These bronze liners from Goodson retains lubrication while reducing wear.
Dry sleeves and wet liners have long been used to repair and restore cracked or worn engine cylinders, but they are also used to reinforce aluminum blocks that are being built for serious performance applications.
Manufacturers who produce “linerless” hypereutectic aluminum blocks today include Audi, BMW, Honda, Mercedes, Porsche, Volkswagen, Volvo, and Yamaha. Most late-model engines have aluminum blocks to save weight, including most of the familiar domestic V8s such as Chevy LS, Ford 4.6L modular and 5.0L Coyote, and Chrysler 5.7L and 6.1L Hemi. Yet these have iron sleeves.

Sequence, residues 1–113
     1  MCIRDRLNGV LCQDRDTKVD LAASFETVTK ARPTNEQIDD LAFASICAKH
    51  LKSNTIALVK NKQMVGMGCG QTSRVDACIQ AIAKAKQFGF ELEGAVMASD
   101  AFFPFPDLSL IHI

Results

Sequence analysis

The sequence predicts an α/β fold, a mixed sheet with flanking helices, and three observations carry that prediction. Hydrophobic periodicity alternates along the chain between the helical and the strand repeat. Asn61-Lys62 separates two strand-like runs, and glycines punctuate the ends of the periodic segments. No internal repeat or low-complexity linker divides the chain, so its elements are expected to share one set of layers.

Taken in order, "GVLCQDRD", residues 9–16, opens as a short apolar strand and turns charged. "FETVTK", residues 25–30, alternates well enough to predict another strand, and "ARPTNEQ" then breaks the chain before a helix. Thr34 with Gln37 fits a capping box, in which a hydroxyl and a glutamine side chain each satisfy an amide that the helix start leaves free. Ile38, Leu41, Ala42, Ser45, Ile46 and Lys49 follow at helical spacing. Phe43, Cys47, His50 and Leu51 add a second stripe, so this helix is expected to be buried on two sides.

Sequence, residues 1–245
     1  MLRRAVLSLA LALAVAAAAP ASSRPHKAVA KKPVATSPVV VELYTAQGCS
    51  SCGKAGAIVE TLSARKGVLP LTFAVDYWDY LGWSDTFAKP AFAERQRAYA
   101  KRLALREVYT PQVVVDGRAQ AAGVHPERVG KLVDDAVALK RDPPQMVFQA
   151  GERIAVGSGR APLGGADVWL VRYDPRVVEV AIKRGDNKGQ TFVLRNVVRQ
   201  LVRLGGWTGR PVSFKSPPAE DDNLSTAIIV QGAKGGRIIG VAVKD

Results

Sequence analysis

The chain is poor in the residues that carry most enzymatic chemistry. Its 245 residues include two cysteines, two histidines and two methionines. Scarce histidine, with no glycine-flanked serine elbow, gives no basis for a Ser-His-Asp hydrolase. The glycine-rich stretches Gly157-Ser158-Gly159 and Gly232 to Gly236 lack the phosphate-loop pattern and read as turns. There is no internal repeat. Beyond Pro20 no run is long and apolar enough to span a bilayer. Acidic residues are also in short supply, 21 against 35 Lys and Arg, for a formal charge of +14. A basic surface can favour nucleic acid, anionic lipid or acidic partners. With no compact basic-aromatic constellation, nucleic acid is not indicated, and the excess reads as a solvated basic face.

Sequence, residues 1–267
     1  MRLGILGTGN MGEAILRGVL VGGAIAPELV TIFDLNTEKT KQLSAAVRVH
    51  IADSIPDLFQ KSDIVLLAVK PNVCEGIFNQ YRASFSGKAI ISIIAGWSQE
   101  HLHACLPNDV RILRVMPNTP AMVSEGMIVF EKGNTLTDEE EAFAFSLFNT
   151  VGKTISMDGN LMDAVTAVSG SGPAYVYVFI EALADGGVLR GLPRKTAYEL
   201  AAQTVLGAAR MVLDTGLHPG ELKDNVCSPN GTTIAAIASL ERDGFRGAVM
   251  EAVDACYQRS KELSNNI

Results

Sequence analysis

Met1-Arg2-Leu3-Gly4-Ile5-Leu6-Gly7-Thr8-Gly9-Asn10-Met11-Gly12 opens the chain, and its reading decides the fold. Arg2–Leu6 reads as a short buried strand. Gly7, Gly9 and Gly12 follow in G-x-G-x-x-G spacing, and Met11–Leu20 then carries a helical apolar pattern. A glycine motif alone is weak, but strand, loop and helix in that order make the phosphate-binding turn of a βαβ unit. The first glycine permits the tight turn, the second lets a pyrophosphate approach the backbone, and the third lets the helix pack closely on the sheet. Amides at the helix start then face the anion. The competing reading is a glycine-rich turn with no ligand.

Sleeves are certainly not new technology and experts say that, for the most part, engine builders and machine shops understand the use and functionality well. But is a liner and a sleeve the same thing? Is a hole just a hole? Publisher/Editor Doug Kaufman takes a deeper dive.
Whether their purpose is going to be repairing an OE application or to go all out in the restructuring of the engine block, liners and sleeves have to be able to perform a number of tasks. Here are some tips to help you with their installation: